Yes. Cosnidering the fact that weather recording (keeping track of temperatures, etc) is claimed have begun in 1878 at a US weather station (I'm sure, like the aeroplane, the Brits, Germans, Italians, French, etc, will claim they were the first - and probably were) that means weather recording is about 130 years old. In man's self-important belief in himself as all knowing th think that these weather events of the last 100 years are "extreme2 when considered over the 4 billion year old life of the earth is a bit absurd, wouldn't you think? I think it is a very safe bet that it will get a lot hotter and a lot colder and there's not a whole hell of a lot that we (covering less than 4% of the earth's surface) can do about it. Enjoy it while you can. It's the only life you're gonna get. You know, they used to grow grapes and have vineyards in Scotland and Greenland 7 hundreds of years ago.... Not anymore they don't

chris lam said...

mike. i think that's kinda what i was saying. they've happened in the past and they'll continue to happen. actually, we don't need weather recording to get a good understanding of climate changes throughout the history of earth. it's there in the soil, rocks, trees... anyway, we humans are only here for a short ride.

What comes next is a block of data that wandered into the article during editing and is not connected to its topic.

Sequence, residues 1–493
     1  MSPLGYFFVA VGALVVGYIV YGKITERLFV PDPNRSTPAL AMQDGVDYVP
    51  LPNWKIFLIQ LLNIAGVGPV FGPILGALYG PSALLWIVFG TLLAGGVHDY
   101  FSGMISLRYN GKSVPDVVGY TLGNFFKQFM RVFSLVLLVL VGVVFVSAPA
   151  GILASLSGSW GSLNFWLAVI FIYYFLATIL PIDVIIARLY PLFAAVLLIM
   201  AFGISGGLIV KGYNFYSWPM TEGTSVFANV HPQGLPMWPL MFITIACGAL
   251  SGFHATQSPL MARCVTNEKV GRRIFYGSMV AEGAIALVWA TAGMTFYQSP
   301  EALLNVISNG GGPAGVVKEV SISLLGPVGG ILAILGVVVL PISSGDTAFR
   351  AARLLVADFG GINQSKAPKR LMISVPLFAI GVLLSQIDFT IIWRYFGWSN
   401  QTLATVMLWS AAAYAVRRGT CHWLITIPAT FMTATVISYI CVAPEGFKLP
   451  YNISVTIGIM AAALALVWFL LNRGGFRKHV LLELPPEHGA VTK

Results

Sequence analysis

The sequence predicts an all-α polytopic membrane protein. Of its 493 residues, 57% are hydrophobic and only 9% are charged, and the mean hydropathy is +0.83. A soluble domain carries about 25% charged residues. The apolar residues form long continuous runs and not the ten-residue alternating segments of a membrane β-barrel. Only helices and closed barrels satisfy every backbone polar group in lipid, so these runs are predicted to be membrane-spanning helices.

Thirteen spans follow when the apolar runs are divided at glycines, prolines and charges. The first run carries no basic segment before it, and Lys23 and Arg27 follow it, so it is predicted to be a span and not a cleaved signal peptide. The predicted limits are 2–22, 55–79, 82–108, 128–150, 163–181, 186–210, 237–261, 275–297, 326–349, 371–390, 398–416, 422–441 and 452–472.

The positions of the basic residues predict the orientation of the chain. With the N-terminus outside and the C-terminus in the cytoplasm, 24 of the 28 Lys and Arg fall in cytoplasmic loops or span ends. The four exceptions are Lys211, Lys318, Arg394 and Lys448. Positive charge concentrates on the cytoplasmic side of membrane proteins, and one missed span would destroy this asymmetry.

mikeintokyorogers said...

Oh yes, Chris. I see. Yes. You're right. Thanks!!!!

Anonymous said...

Gee, let me see. Oh, Yeah right... Global Warming.... The best computer weather modeling systems can do a decent display of predicting 4 days (usually 3 out of 4 - not bad) days of weather. I don't know how someone can surely think that it is possible to predict weather 10 or 20 years or more into the future. It is a fact and we do know that the earth's climate has changed many times in the roughly 7.5 billion years it has been in existence. Disastrous events like meteor strikes, ice ages, etc. may have some temporary effects, but the earth still stabilizes. I think it is the ultimate hubris of people to imagine that us puny humans can have any real long term affect on the earth's climate.